As for the free agents or trade targets they could get right now (Kevin Millwood, Joe Blanton, for example), would adding either of those really answer that $200 million question?

The obvious answer is no. Spring training is 10 days away, the Yankee rotation "is not where it needs to be," and there are no obvious answers.

And still no Plan B behind Cliff Lee.

Posted on: January 13, 2011 5:35 pm
Edited on: January 13, 2011 9:13 pm

Are the Yankees in trouble?

Three years ago, the Yankees began the season with two unproven starters in their rotation.

And maybe it's no coincidence that the 2008 season was the only one in the last 16 that ended with the Yankees out of the playoffs. Or that the Yankees reacted to that failure by throwing nearly $250 million at their rotation that winter.

So now here we are, with spring training a month away and with the throw-money-at-it plan not having worked nearly as well. Here we are, a month after Cliff Lee shunned and stunned the Yankees by signing with the Phillies, and we understand even more why even Yankee officials always admitted that this winter included no real Plan B.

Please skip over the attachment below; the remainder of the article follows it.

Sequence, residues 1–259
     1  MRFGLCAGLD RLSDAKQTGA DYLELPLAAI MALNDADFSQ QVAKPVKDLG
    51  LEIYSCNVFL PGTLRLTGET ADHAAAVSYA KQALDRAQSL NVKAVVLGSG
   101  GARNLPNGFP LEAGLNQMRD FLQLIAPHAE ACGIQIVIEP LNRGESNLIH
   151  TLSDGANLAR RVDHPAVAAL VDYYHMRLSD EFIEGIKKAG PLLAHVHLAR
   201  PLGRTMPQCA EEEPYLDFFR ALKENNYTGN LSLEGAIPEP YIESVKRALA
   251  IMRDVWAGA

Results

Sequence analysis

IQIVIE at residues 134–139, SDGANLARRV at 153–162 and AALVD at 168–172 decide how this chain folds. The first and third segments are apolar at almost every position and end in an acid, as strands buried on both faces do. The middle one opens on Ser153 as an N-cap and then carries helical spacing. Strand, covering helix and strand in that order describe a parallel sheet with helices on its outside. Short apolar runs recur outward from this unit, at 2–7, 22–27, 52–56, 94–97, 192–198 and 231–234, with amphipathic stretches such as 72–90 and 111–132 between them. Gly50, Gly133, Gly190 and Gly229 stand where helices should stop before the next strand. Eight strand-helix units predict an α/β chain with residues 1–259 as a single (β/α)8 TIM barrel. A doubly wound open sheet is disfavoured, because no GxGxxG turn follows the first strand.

Here we are, thinking more and more with each passing day that maybe Andy Pettitte really doesn't want to pitch this year -- although still not knowing for sure.

Here we are, looking at a Yankee rotation that for now includes two unproven starters (Ivan Nova and Sergio Mitre, perhaps, behind CC Sabathia, Phil Hughes and the always undependable A.J. Burnett), and with seemingly no significant starters available as free agents or in trades.

By adding Rafael Soriano to Mariano Rivera, the Yankees might be assembling a bullpen that reminds you of 1996, when Rivera was setting up John Wetteland in the first title of this two-decade run. But you wonder if it's a bigger problem that their rotation reminds you of 2008, when those two unproven starters (Phil Hughes and Ian Kennedy) combined to go 0-8 with a 7.51 ERA in their 17 starts?

Are the Yankees in trouble?

Maybe not, but when you're the Yankees, with $200 million-plus committed every year, and with an organizational philosophy that regards anything shy of a title as failure, can you take the chance that it is?